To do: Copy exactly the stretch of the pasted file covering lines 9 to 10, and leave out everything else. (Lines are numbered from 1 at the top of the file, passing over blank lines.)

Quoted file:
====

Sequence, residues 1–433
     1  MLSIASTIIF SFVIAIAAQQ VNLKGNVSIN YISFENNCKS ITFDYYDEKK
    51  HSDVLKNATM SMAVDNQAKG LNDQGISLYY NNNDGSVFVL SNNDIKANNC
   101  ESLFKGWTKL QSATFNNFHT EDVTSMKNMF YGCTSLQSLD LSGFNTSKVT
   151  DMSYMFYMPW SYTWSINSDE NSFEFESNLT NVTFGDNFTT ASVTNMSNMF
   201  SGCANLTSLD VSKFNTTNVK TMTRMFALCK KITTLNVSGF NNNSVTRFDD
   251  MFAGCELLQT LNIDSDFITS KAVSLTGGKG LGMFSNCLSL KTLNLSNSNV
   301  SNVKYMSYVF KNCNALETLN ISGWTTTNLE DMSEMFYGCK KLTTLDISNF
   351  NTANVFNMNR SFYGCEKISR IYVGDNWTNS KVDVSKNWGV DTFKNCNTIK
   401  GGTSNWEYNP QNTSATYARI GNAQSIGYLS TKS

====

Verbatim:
   351  NTANVFNMNR SFYGCEKISR IYVGDNWTNS KVDVSKNWGV DTFKNCNTIK
   401  GGTSNWEYNP QNTSATYARI GNAQSIGYLS TKS